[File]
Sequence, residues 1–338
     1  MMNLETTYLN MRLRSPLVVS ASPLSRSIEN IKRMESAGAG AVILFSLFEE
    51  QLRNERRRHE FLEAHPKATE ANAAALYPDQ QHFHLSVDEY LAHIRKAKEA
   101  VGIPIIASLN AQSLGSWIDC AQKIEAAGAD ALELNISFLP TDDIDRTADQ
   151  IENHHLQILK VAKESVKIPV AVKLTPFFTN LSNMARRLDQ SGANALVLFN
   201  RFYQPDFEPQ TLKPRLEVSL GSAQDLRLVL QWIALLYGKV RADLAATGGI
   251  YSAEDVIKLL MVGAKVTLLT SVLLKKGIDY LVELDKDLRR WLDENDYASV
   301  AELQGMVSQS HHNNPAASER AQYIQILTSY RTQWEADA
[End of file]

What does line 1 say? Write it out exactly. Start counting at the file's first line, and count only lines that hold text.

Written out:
Sequence, residues 1–338